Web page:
Get a part-time job

If you have the time to do so, working during college can provide extra income for college expenses and/or for building your savings. If working during school isn’t an option, consider taking on seasonal work during school breaks and over the summer.

  • “I saved money by getting a job. What helped me to stick to my budget was just saving half of my paycheck every time I got paid."– Lora, Survey Respondent
  • “I worked to save money for my study abroad experience. This included working over the summer and during the semester and also being careful with my money by setting some off-limits in a savings account. I found this strategy to be helpful as I still had what I needed but also didn’t overspend.” – Julia, University of Albany 

In addition to the paycheck, working during college can help you improve your time management skills, develop your network, explore a career field, and gain important professional skills.

Stifle Impulse Spending

If you are trying to stick to a budget, you don’t want to make unplanned purchases. But we’ve all been guilty of impulse buying at one time or another — especially during “Black Friday” and “Cyber Monday” or any flash sale. This is where understanding the difference between “needs” and “wants” can be helpful.

A “need” as defined in economic terms is anything required for your survival – water, food, and shelter are basic human needs. But needs vary from person to person. “Wants” are things you desire because they improve your enjoyment or quality of life. White chocolate mocha lattes, video games, or trendy beauty and fashion items are examples of wants. A computer may be a need during college, but the latest Apple laptop might be considered a want. 

  • “When purchasing things, I tried to ask myself is this something I really need, and will I care if I don’t have it a week from now?” – Analisa, Survey Respondent
  • “Every time I thought about spending money, I sat on the thought for one day. This helped reduce impulse buying."– Benjamin, Survey Respondent

Some students said they appreciated having a low limit set on their credit cards, which also helped them avoid impulse purchases.

Use Student Discounts

Take advantage of your student ID card — it can make you eligible for student discounts on a wide range of products and services, including technology, subscriptions, transportation, dining and entertainment, clothing and more. Even saving a few dollars here and there can really add up – especially if you make a point to put the money you save into a savings account.

  • “I used every student discount known to man, including discounts for streaming services, subscriptions, shoes, clothes, and electronics. The app Student Beans showed me where I could use student discounts.” – Rayael, University of North Carolina-Charlotte

  • “Download Unidays! Unidays is an app that provides student discounts for brands ranging from Dr. Martens to HP to Grammarly!” — Marcus, UCLA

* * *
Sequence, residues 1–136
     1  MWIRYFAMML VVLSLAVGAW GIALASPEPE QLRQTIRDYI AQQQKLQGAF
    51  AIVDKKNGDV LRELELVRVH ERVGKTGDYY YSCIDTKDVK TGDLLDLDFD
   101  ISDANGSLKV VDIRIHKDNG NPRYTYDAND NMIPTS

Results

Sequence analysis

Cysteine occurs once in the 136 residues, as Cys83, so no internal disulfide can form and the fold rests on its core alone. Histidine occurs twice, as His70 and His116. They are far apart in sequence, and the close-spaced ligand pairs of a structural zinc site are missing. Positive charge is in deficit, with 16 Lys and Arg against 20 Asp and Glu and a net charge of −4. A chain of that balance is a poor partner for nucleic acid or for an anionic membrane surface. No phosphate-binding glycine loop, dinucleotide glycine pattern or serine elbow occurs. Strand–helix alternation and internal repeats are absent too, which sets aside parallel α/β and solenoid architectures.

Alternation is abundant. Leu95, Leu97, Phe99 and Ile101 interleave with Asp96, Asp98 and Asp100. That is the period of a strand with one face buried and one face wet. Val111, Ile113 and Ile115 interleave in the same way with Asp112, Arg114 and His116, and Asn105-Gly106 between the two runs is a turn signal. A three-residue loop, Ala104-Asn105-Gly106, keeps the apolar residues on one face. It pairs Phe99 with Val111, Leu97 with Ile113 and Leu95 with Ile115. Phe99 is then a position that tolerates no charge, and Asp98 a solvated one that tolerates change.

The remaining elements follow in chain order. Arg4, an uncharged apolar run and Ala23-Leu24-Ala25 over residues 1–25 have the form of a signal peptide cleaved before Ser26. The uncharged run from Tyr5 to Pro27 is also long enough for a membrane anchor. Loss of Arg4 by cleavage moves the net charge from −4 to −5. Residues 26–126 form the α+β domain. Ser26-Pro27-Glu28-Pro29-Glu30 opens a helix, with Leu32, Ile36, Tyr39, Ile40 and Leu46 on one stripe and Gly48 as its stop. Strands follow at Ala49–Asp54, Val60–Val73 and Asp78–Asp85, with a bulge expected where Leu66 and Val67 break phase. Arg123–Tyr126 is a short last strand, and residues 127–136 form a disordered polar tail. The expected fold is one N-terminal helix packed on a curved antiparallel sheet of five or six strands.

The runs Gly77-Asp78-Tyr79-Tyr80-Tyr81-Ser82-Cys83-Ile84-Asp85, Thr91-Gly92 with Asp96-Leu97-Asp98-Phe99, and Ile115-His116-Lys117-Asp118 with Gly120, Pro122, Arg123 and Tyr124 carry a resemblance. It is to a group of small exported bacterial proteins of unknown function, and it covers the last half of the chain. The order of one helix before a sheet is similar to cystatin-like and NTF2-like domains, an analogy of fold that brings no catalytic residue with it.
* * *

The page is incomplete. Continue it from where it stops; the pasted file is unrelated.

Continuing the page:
Track Your Spending


More than half of the students surveyed (58 percent) admitted that they didn’t use a formal budget during freshman year. But some students said that they tracked their spending in other ways.

  • “I used my bank’s app and read monthly statements to monitor my spending. I would try to make sure my withdrawals were lower than my deposits every month. If they were not, I would categorize my purchases into essential and non-essential categories and limit my spending on non-essentials.” — Gabby, Xavier University

  • “I formed an Excel spreadsheet to track my expenses, savings goals, and ways to make more money. I also spent less on clothes and bought containers to take food from the dining halls for later.” — Pruett, Survey Respondent
  • “I like to keep a note of every transaction I make on my phone just so that I know how much I’m spending each month. This lets me know when I need to stop spending so I don’t go over my limit for that month.”  – Marcus, UCLA


Use Your College’s Resources

Colleges often offer a variety of free or low-cost resources, activities, and services for students. Thrifty students seek out and take advantage of these resources to not only help them save money but to also connect with their campus community.

  • “Take advantage of campus events! There is always someone giving away free stuff whether it's school supplies, food, or even clothes. Using these resources can decrease the amount of money you have to spend in the future.” – Marcus, UCLA

At some colleges, additional financial support in the form of small loans and grants may be available to help cover unexpected expenses and basic necessities.

  • I asked for assistance often. I received emergency funding [from my college] to repair my cracked phone screen. There were many opportunities for financial aid and scholarships when it came to participating in activities and events. Apply! Apply! Apply even if you might not think you qualify.” – Ivy, Yale University

We hope these tips from college students will help increase your awareness of your own spending habits and improve your financial well-being now and in the future. How well you manage your money now can set up lifelong habits that will benefit you long after you graduate.

*Advice provided by students surveyed in 2023 Transition to College Survey and students featured in CollegeData’s Road to College Student Stories.